An Australian medical supplies company has invested more than 3000 million Australian dollars to build a new factory in Campbellfield, an industrial area in Melbourne, and quickly build a new production line that can produce at least 2.4 million surgical-grade masks every year.
After Softmed expands its production capacity, it will be able to manufacture enough masks to support Australia through the new crown epidemic or any future crisis.

The company is a sister company of the global sourcing and logistics company Forward Express. It used to specialize in the production of compression stockings, but partner Mick Shaheen said that when a forest fire broke out last summer and most of Australia was covered in smoke, the company He began to consider expanding his business to the field of masks.
Sahin told the Australian Financial Review that he hopes that by the end of this year, Softmed can produce a full set of personal protective equipment including protective clothing locally to meet Australia's needs.
"We started from the procurement business of the medical industry... When the new crown occurred, we happened to have the time, location and professional knowledge," he said. "We have connections with major factories all over the world."
“Australia lacks a lot of personal protective equipment and everything is imported from overseas. We know that Australia needs to be self-sufficient in order to maintain its population and medical industry...we can produce locally from scratch.”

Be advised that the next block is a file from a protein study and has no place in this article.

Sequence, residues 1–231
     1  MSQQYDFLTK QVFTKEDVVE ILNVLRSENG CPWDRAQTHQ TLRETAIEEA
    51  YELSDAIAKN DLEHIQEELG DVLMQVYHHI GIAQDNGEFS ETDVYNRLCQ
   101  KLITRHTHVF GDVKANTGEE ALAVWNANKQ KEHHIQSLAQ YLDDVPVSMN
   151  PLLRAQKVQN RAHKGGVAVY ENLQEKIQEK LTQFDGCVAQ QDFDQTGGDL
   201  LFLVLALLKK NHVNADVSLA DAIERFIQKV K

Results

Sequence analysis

"The use of masks will decrease, but we need to be prepared for epidemics and any natural disasters that may occur, so we will produce emergency personal protective equipment reserves."
The raw materials for masks and other personal protective equipment will mainly come from Victorian suppliers, and only those that cannot be purchased locally will be imported from overseas.
In addition to spending A$3000 million to set up a factory in Campbellfield, Softmed will also spend A$3500 million to build a reserve of personal protective equipment for future needs. So far, these expenses are self-funded.
In addition to selling masks locally in Australia, Softmed will also export masks to the United States, Europe and the Middle East.
The 3500 square meter factory is equipped with an in-house testing laboratory that will soon be certified. The laboratory will test each batch of masks to ensure that its fluid resistance and protection against airborne particles meet the standards. This will be the second laboratory in the state to be accredited by the National Association of Testing Agencies.
Softmed general manager Sergiy Tsimidanov said that the factory also has its own disinfection facilities, so it can produce surgical-grade masks. They will use a special gas to sterilize the mask for 8-12 hours through the mask packaging to ensure that the product itself is sterile.
He said that anyone wearing Softmed masks can rest assured that these products are designed in accordance with the standards required by Australia. Of the 2.4 million masks produced annually, 1.8 million are three-layer surgical masks, and the remaining 6000 million are P2/N95 masks.
Sahin said that the new production line took only five months to complete, and it usually takes at least one year.
Although these masks will be supplied to medical professionals, they will also be sold to ordinary Australians through retailers including Chemist Warehouse. Sahin said that he hopes Softmed can become the world's leading supplier of personal protective equipment. "The first batch of masks has been produced. In the next six to eight weeks, when our disinfection facilities are activated, protective caps, protective clothing, etc. will be produced."

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